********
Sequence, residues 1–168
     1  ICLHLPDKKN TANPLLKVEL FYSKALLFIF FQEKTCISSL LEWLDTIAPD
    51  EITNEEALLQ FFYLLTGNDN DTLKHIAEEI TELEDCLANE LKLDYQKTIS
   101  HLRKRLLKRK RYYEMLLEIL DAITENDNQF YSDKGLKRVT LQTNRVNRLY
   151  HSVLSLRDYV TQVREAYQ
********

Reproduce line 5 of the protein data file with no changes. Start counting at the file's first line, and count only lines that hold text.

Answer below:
   151  HSVLSLRDYV TQVREAYQ